'Appropriate pressure' being put on al Qaeda leader
U.S.: Khalid Shaikh Mohammed planned 9/11 attacks
WASHINGTON (CNN) -- "All appropriate pressure" is being put on Khalid Shaikh Mohammed, the man believed to be the key planner of the terrorist attacks of September 11, 2001, to reveal plots for any future operations, a senior U.S. intelligence official said Sunday.
The capture of the man linked to nearly every al Qaeda attack of the past five years is a "huge win," the official said.
Al Qaeda members must now worry about which plots Mohammed -- the group's operations chief -- has exposed, and what information he might reveal that could lead to them, the official said.
U.S. officials were practically gleeful Sunday after Mohammed's arrest early Saturday in Rawalpindi, outside the Pakistani capital, Islamabad, a week after he eluded capture during a raid in Quetta, Pakistan, 400 miles away.
U.S. officials were present when Pakistani authorities arrested Mohammed and two other men, but they did not participate, the senior U.S. intelligence official said.
Pakistan held Mohammed "a few hours" before turning him over to the CIA, which immediately took him out of Pakistan, officials said. Mohammed is in U.S. custody at an undisclosed location, they said.
There are no plans to bring Mohammed to the United States, U.S. government officials said.
White House spokesman Ari Fleischer said it was "hard to overstate the significance" of Mohammed's arrest a week after he eluded arrest in Quetta, and the chairman of the House Intelligence Committee called the arrest "huge."
"This is the equivalent of the liberation of Paris in the second world war," said Republican Rep. Porter Goss of Florida. "This is taking out [Nazi propagandist Joseph] Goebbels as an operative of the German Wehrmacht. This is just extremely important, and it's going to lead to other very successful activities very shortly, I'm sure."
Goss' counterpart in the Senate, Republican Pat Roberts of Kansas, said the arrest was "a big downer" for Osama bin Laden's network.
"We have taken the operations officer of the al Qaeda right at the same time they were planning a spring offensive," Roberts said.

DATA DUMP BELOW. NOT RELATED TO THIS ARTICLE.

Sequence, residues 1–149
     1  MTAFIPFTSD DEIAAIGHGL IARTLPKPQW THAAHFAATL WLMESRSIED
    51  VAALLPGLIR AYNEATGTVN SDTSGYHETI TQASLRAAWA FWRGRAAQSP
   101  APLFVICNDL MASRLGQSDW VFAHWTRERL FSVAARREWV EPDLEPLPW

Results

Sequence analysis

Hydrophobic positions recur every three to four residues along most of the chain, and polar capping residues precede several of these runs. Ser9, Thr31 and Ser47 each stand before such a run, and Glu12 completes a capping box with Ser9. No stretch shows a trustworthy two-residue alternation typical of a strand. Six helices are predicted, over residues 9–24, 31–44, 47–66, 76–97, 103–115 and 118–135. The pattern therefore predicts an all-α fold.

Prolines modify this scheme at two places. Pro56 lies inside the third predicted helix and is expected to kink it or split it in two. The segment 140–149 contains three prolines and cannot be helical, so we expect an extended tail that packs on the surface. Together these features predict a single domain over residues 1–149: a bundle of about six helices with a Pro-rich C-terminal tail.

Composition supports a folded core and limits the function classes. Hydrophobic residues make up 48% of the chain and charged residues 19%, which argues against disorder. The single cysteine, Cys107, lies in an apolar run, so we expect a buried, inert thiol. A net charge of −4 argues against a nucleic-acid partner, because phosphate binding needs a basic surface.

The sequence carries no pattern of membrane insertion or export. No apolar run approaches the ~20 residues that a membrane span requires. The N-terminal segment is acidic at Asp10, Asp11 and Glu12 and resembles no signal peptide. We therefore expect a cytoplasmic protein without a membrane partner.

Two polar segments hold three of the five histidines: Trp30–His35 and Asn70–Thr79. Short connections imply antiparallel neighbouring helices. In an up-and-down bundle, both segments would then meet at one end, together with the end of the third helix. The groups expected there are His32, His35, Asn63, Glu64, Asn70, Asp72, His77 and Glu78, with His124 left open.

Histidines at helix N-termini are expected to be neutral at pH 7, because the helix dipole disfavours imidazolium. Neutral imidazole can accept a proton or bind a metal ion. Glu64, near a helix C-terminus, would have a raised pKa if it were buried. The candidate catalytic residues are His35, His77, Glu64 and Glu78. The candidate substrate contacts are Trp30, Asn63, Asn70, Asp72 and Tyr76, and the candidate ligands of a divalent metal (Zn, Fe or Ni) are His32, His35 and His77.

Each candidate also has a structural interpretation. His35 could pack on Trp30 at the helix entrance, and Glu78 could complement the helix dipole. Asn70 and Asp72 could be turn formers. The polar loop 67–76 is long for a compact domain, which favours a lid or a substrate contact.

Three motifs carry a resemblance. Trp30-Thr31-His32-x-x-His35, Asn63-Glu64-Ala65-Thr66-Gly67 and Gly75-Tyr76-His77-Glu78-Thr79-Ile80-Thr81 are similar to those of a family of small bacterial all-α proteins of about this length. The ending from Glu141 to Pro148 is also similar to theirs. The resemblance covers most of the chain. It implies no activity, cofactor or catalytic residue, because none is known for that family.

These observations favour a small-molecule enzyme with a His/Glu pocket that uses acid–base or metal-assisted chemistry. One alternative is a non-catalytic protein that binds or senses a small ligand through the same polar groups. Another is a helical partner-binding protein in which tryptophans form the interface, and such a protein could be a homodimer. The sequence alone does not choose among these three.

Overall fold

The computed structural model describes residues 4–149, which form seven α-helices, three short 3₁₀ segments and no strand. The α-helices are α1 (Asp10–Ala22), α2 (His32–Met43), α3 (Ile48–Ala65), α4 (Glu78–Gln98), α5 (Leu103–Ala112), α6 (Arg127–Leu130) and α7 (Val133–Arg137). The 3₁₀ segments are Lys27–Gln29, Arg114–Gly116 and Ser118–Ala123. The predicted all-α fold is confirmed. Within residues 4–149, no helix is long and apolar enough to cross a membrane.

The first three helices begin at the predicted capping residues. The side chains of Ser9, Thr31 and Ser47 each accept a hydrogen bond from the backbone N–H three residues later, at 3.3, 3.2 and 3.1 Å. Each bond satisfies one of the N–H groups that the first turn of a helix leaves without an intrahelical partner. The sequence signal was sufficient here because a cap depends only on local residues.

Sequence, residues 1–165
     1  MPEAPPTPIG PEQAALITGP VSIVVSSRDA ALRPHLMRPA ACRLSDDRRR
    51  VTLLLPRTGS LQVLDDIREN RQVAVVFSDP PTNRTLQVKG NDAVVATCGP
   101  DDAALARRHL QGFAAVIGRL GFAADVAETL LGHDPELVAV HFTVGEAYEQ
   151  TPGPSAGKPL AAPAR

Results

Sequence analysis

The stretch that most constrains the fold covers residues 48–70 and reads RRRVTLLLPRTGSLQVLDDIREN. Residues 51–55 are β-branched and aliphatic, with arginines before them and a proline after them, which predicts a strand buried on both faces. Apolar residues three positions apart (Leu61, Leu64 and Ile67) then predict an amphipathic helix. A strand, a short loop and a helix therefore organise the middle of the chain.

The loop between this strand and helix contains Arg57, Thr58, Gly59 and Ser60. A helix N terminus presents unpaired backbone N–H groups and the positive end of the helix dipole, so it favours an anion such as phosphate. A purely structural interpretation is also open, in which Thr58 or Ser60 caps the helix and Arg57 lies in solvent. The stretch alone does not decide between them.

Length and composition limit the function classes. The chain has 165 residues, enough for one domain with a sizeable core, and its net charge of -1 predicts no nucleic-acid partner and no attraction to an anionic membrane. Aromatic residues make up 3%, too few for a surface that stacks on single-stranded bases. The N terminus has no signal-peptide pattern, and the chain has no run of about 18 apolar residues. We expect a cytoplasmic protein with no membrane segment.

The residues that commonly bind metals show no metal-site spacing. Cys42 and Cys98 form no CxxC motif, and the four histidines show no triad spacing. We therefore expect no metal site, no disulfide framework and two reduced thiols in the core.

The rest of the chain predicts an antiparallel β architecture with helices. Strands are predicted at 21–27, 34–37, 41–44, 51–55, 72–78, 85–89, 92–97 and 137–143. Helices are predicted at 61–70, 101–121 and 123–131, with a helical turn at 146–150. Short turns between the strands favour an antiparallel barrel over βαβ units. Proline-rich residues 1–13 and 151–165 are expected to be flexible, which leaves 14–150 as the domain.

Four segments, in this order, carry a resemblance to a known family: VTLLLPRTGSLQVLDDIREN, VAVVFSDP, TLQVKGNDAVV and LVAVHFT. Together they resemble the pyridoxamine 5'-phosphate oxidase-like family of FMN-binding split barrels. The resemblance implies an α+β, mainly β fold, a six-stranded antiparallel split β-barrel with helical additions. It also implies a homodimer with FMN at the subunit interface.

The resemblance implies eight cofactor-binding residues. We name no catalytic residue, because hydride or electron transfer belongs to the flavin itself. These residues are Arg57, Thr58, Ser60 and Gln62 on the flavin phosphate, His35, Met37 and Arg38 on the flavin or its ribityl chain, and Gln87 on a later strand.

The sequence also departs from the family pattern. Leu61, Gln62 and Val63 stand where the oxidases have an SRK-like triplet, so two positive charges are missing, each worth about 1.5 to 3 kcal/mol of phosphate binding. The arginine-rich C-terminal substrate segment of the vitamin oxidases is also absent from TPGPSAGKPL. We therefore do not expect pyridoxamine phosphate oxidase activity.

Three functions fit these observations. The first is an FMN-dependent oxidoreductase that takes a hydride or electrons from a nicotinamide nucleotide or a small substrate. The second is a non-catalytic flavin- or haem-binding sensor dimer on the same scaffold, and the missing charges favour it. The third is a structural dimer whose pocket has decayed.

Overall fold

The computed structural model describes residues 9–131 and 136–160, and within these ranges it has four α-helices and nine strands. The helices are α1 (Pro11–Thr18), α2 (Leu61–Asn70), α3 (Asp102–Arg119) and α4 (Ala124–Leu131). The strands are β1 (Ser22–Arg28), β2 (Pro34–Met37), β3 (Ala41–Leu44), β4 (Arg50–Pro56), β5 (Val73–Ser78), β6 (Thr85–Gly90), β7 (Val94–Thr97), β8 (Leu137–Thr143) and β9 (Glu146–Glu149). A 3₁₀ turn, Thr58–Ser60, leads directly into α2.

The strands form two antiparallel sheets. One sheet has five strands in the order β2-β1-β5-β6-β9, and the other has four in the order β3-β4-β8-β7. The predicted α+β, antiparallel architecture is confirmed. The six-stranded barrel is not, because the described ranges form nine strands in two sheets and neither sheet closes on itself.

Sen. Joseph Biden, the ranking Democrat on the Foreign Relations committee, said the arrest was a "big deal" and "a phenomenal breakthrough."
Biden warned that Mohammed had been living "in plain daylight" near the Pakistan-Afghanistan border, however.
"It is in a totally uncontrolled area," he said. "And there is overwhelming reason to believe that the other 22 of the top 25 we're looking for, including Osama bin Laden, are in the vicinity."
Senior administration officials also said that Mohammed likely has information on the whereabouts of other terrorist members, possibly including bin Laden.
Goss: Torture 'not permissible'
Goss said it was "certainly not permissible" to obtain any information from Mohammed through torture.
"The hallmark of our country is decency, democracy, freedom and so forth," Goss said. "The other guys don't, but we have to maintain our standards."
Goss added that he believes the United States can obtain information from Mohammed anyway. "There's lots of motives that make people do what they do, and there may be ways we can gather information in the process of professional interrogation that will link with other pieces that we have already."
The self-described head of al Qaeda's military committee, Mohammed is described as the strategist who helped coordinate finances and recruit for bin Laden's global terrorist network. The U.S. State Department had offered as much as $25 million for information leading to his arrest. (Life of terror)
In the mid-1980s, after studying engineering at Chowan College in Murfreesboro, North Carolina, and North Carolina Agricultural and Technical State University in Greensboro, the Kuwait-born son of a Pakistani trained volunteers fighting the Soviet Union in Afghanistan -- and met bin Laden.
Terror conspiracy indictment
Investigators in the Philippines found evidence linking Mohammed to a plot to blow up 12 U.S.-bound commercial airliners in a two-day period after Mohammed's nephew, Ramzi Yousef, set fire to his Manila apartment while experimenting with explosives.
Yousef was caught in Pakistan in February 1995, a month after the apartment fire, but Mohammed vanished into the terror underground. A year later, he was indicted on seven counts of terror conspiracy for his alleged role in the plot.
Mohammed might have been difficult to find, but he apparently kept up his organizational work for al Qaeda.
He has been linked to the bombing of the USS Cole in 2000; Richard Reid's foiled attempt to blow up an airliner with a shoe bomb in 2001; and most recently, the bombings at the El Ghriba synagogue in Djerba, Tunisia, and the bombings in a resort town in Bali last year.
Rohan Gunaratna, terrorism expert and author of "Inside Al Qaeda," said Mohammed ordered the killing of Wall Street Journal reporter Daniel Pearl in Pakistan last year.
-- CNN correspondents Maria Ressa, Mike Boettcher, Ash-Har Quraishi, Kelli Arena, John King and Suzanne Malveaux, and producers Syed Mohsin Naqzi and Phil Hirschkorn contributed to this report.